Fireworks Wednesday (Chaharshanbe-soori)

Critics Consensus

Well-written and powerfully acted, Fireworks Wednesday gives audiences an early, assured glimpse of writer-director Asghar Farhadi's emerging talent.



Total Count: 44


Audience Score

User Ratings: 1,091
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Movie Info

Iranian director Asghar Farhadi's third feature, Chahar Shanbeh Suri (aka Fireworks Wednesday), follows Rouhi (Taraneh Alidoosti), a betrothed woman who works for a local housekeeping agency. When she accepts an assignment cleaning the home of an affluent married couple about to leave on vacation, this newcomer to the household is quickly sucked into a virulent nuptial conflict of deceit, treachery, and vitriol that challenges all of her presuppositions about the nature of married life. By cloaking the events of the household (and their precipitants) in ambiguity, and constantly shifting the central perspective of the film from one character to another, Farhadi adds depth and complexity to the work and continually challenges the audience, forcing each viewer to rewrite his or her presuppositions about the characters. Though the film's title refers, in the metaphoric sense, to the explosiveness of domestic strife, the events in the film coincide with the firework-strewn Persian New Year of March 21, which lends the title a literal significance as well. ~ Nathan Southern, Rovi


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Critic Reviews for Fireworks Wednesday (Chaharshanbe-soori)

All Critics (44) | Top Critics (17) | Fresh (44)

  • Farhadi manages to skirt the political and focus on human emotion, deception and frailty with such force that his setting and artistic restraints are rendered near irrelevant.

    Jun 10, 2016 | Rating: A | Full Review…

    Tom Long

    Detroit News
    Top Critic
  • Tehran on the eve of the Muslim New Year provides the backdrop for this engrossing Iranian drama about a marriage in crisis.

    Apr 28, 2016 | Full Review…
  • [A] complex and magnificently acted melodrama ...

    Apr 28, 2016 | Rating: 3.5/4 | Full Review…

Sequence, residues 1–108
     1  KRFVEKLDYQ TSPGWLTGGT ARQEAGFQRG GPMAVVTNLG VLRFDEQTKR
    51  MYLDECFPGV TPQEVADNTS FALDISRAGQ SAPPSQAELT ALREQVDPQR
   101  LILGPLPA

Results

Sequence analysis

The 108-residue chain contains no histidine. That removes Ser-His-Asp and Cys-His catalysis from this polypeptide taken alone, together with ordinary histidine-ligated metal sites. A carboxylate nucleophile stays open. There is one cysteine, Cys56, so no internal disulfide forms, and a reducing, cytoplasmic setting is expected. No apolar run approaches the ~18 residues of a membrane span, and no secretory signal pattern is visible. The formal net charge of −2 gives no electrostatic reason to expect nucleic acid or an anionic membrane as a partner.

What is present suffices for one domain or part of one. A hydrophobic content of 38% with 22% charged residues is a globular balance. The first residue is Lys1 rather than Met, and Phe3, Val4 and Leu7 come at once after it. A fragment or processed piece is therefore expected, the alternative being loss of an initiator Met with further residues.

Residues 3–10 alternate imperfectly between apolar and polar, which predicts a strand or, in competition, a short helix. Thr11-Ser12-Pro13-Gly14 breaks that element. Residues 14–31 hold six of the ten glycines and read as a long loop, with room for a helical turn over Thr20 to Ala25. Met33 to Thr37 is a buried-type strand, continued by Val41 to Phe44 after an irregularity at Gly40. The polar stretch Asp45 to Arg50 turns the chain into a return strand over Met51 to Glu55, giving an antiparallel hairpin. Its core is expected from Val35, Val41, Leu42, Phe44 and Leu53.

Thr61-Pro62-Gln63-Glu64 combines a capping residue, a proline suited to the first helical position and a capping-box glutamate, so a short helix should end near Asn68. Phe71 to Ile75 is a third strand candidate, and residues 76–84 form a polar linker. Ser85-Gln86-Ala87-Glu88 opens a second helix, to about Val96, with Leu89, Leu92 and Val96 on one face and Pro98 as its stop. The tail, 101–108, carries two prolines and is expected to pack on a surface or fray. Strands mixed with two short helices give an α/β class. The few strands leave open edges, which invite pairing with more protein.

• Mournful, enigmatic and compulsively engrossing, "Fireworks Wednesday" gives viewers a chance to watch a master at work - before he was acknowledged as a master.

    Apr 28, 2016 | Rating: 3/4 | Full Review…
  • Any time you get to see a radiant bride-to-be (Taraneh Alidoosti) try on her dress and admire her reflection at the outset, you know that bliss is in the crosshairs.

    Apr 21, 2016 | Rating: 3/5 | Full Review…
  • It succeeds, as very few films do, with simultaneously presenting several distinct viewpoints without shortchanging any of them.

    Apr 21, 2016 | Rating: 3.5/4 | Full Review…

Audience Reviews for Fireworks Wednesday (Chaharshanbe-soori)

  • Feb 17, 2012
    After being blown away by A Separation, I decided to delve into director Asghar Farhadi's oeurve. Fireworks Wednesday, centers around familiar terrain: a broken marriage, as see through the eyes of a young housekeeper, and by extension, the audience. Farhadi's directorial style is subtly powerful: he takes his time, and allows the information to creep in at its own pace, instead of feeling a more Westernized need to shoehorn it all into the first 10 minutes. He also seamlessly shifts our point of view over and over again, confronting the audience to think twice about any preconceived notions we might have about his characters -- our assumptions, and their reliability. He's not afraid to allow a scene to develop, and he fearlessly trusts his actors. He'll direct in a more "invisible" style, but he astutely knows when to mix it up and reposition the camera, or change vantage points to inform the audience about a character's motivations. In this film, the martial strife hits a fever pitch and culminates in a show stopping long shot down an elevator, and into the street that has to be seen to be believed. I honestly don't think it could have been shot any better, and the mis-en-scene is pitch perfect. A theme that occupies Farhadi appears to be the corrosive underbelly of Persian culture, and its stifling traditional values. This story takes place on Chaharshanbe Suri (the Persian New Year) and all throughout the film, you hear fireworks in the distance. Near the end of the film, there's this great sequence where two characters are driving in the car, and through the windows you see a succession of fireworks, and fire in the streets. After dwelling on these details for a minute or two, the metaphorical meaning seeps in -- these relationships are just as combustible. It's a subtle detail, but very powerful -- and, for me, that's a great way to describe Farhadi's style: subtle, but powerful.
    Jonathan H Super Reviewer

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